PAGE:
"In a few years we will have solutions and applications that we can't even imagine now"
We interviewed Augusto García-Agúndez, PostDoc researcher at IMDEA Networks
02 June 2022
Augusto García-Agúndez, PostDoc researcher at IMDEA Networks since March 2022, is a clear example of scientific vocation. Graduated in Industrial Engineering in Automatics and Electronics (Polytechnic University of Madrid) and PhD in Computer Science from the Technische Universität Darmstadt, he is currently working on the MAESTRO project, a research contribution, with funding from the European Union, that can save lives thanks to technology, in this case, thanks to the application of Artificial Intelligence and Data Analytics to the rehabilitation of people affected by stroke.
How would you summarize the essence of your current work as a researcher, both at IMDEA Networks and at Brown University? At what point did you decide to adopt your current performance, your lines of research, and why?
I am trying to find applications of electronic and computer engineering to medicine. My family has had a big influence, my parents are both professors of medicine and have dedicated their entire careers to research. I first became interested in research while doing my Master’s thesis in Germany in 2014 on the use of the smartphone camera to measure the heart pulse (photoplethysmography). Solving a then novel problem, implementing it, conducting a study with participants and being able to publish the results in a scientific journal was what had interested me professionally the most until then. Since then, I have dedicated myself to this, and right now the greatest potential is in AI applied to Medicine.
On a personal level, this work means an unquestionable contribution to society, but also a responsibility to keep up to date. In an environment of cutting-edge technology, how do you face this responsibility?
You have to continually keep up to date with what other researchers in the same field are doing. The best way to do this is to study what is published in the field, organize internal presentations in the labs, participate in congresses, symposia, and special issues of journals and reviews. I have always liked both medicine and technology, and when I had to choose a career, the possibility of studying Biomedical Engineering was not yet available. At the time, I thought that Industrial Engineering offered the most possibilities. The most important thing that one learns at the ETSII UPM is to solve engineering problems of the widest possible spectrum, and to adapt quickly to very different areas. Throughout my career as a researcher, these broad-spectrum and flexible skills have been very useful.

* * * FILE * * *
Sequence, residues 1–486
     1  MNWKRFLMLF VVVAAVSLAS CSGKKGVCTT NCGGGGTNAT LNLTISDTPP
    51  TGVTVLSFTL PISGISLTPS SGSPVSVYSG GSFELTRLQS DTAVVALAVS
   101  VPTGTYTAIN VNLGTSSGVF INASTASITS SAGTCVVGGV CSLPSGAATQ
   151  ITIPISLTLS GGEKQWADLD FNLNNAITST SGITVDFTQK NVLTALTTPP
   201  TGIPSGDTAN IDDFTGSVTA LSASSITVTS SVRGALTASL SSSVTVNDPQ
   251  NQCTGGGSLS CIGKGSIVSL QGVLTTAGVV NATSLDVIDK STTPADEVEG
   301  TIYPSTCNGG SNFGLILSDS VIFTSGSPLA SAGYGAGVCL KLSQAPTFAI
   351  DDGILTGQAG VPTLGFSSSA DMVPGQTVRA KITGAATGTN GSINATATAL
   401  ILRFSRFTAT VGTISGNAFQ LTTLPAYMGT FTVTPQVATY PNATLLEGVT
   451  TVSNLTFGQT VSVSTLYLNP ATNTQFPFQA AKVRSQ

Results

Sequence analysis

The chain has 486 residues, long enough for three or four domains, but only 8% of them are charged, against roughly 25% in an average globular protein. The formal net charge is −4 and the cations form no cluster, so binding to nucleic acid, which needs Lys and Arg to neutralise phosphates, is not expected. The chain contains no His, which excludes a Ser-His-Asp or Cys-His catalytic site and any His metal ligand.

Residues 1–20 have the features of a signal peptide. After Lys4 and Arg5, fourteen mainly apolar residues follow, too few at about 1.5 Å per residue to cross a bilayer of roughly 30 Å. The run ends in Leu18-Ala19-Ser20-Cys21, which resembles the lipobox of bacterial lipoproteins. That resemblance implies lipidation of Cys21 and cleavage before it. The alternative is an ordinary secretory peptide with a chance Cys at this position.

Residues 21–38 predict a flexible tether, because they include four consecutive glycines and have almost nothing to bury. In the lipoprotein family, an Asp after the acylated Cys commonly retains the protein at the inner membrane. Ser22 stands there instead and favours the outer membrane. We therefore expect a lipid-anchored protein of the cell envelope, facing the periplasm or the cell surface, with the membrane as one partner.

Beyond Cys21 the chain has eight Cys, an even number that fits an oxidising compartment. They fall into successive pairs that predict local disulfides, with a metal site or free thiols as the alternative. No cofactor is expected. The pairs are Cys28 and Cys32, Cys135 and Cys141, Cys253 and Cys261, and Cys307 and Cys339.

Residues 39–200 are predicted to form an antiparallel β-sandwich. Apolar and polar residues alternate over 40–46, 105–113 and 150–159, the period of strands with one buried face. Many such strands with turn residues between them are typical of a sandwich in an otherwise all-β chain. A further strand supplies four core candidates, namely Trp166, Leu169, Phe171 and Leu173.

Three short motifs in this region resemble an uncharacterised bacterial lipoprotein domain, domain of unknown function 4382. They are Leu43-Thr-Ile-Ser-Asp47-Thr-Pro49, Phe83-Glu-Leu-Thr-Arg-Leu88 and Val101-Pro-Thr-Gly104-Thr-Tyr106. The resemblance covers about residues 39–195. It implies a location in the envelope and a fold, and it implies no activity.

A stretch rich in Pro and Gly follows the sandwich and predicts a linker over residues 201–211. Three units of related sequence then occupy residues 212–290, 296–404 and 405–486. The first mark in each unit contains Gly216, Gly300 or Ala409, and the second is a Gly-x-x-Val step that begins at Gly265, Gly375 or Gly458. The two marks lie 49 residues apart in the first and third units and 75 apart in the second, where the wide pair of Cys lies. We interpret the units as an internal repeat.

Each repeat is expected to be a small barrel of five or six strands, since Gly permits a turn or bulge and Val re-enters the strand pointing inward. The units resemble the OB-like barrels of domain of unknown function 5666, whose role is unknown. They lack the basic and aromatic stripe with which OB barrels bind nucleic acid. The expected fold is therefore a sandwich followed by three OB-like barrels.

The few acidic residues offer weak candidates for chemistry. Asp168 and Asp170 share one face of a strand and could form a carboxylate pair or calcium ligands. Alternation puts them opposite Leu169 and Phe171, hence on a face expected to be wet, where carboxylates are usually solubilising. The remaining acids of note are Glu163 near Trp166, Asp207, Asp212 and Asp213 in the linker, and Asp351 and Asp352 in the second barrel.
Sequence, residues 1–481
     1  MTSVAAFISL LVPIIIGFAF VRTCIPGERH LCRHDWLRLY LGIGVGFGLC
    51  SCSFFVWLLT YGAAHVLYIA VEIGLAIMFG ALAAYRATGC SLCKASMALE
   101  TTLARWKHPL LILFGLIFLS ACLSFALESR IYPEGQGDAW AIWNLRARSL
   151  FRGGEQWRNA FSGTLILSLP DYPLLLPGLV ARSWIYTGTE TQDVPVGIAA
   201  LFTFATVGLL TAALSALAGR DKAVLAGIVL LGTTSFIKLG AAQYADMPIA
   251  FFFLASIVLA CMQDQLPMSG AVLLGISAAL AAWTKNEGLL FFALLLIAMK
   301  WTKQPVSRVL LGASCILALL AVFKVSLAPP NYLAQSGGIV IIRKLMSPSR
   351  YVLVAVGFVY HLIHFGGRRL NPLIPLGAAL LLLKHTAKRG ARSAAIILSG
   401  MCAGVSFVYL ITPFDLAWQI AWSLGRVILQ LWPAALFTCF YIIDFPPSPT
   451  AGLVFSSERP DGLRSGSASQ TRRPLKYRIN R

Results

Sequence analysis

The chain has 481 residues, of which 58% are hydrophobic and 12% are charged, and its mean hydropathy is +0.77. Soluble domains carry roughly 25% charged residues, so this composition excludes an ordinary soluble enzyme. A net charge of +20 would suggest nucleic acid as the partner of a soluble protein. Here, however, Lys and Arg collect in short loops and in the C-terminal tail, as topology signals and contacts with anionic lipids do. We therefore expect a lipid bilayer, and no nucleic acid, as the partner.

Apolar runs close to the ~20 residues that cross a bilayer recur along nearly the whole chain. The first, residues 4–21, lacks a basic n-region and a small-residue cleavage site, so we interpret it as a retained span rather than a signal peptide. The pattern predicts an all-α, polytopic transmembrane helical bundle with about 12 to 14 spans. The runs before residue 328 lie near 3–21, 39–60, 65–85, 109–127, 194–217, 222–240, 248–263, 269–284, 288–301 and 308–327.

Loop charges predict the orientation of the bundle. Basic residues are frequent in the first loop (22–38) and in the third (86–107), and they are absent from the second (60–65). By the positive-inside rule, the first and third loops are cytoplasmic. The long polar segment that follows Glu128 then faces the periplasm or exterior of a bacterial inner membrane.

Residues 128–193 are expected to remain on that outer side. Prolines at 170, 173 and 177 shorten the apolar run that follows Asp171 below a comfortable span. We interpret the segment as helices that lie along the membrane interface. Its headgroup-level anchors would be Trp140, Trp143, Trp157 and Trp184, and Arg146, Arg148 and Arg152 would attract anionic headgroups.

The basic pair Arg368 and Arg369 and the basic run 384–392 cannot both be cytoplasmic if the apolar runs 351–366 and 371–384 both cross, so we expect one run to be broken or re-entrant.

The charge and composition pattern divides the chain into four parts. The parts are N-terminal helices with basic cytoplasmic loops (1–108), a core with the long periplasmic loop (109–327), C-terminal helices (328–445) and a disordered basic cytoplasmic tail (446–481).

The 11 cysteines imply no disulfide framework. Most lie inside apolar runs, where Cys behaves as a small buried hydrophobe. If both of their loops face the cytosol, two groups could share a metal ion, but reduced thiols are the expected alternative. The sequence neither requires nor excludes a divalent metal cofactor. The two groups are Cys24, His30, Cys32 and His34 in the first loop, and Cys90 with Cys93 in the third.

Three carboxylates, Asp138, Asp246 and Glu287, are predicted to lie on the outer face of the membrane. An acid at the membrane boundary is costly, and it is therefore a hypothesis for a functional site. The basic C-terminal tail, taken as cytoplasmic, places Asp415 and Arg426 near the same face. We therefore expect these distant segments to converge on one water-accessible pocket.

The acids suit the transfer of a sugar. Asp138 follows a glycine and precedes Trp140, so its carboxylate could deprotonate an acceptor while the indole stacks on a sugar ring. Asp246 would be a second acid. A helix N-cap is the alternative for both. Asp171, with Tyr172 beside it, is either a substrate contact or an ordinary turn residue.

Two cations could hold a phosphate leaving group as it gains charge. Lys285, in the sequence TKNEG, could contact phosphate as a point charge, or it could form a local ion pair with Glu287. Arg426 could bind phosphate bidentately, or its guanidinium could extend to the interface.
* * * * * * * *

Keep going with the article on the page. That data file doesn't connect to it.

How far do you foresee the horizons of biomedicine, from your field of research, as far as it will be possible to go?
The fact that collaboration between medical personnel and engineers is increasing will allow progress to be made in all areas where the amount of information available is so enormous and complex that it can only be analyzed with AI methods. Data analysis has enormous potential for assessing patients’ condition, prognosis and adherence to treatment, and enables breakthroughs in diagnostic procedures and treatments. At this point, it is difficult to guess where the limit may be because in a few years we will have solutions and applications that we cannot even imagine now.
In the context of an initiative of the size of MAESTRO, how would you highlight the present and near future of your involvement in the project – for example, with the selection of patients at Rhode Island Hospital? What is/will be your main contribution?
During my doctoral thesis, the involvement with the study patients was always very close, as we interacted with them directly and collected data in person. Unfortunately, since COVID started this is no longer possible. Patient selection will be handled by the neurologist who will be collaborating with us at Brown. My main contribution will be the implementation and development of the software needed for the project, to process and analyze the data, draw conclusions from the studies and propose clinical applications of the studies.
What aspects of your thesis on gamification and Parkinson’s will you be able to apply in MAESTRO?
MAESTRO is a much more developed and complex implementation of the idea on which my doctoral thesis was based, and I think it will benefit from everything I could (and could not, but wanted to) do during the thesis. And there are other aspects of interest, such as the ethical implications of the application of Artificial Intelligence in Medicine: just as it has the potential to solve many problems, it also carries the risk of causing many problems if used improperly. In this regard, the most important thing is to ensure the veracity and plurality of the data on which any development is based. This is a matter of deep concern to me and will be taken into account throughout the study.
This research is supported by the Marie Sklodowska Curie Individual Global Fellowship, to what extent is such recognition important?
MSCA GF fellowships are an excellent funding mechanism for many reasons. First of all, securing full funding for three years gives great freedom and flexibility to carry out a project like this. The fact that it includes a period abroad is very beneficial for diversifying the scholarship recipients’ knowledge. It makes sense that they are so competitive and I consider myself very fortunate to have obtained it. In my opinion, plans should be put in place to incorporate the grantees into the beneficiary Research Centers in order to obtain the maximum return from these European postdoctoral training programs.
Research takes a lot of time, but there should always be time to enjoy hobbies, what are yours?
It is certainly important to have free time, which I use to read (history, medicine, psychology…), cook, swim, and play video games.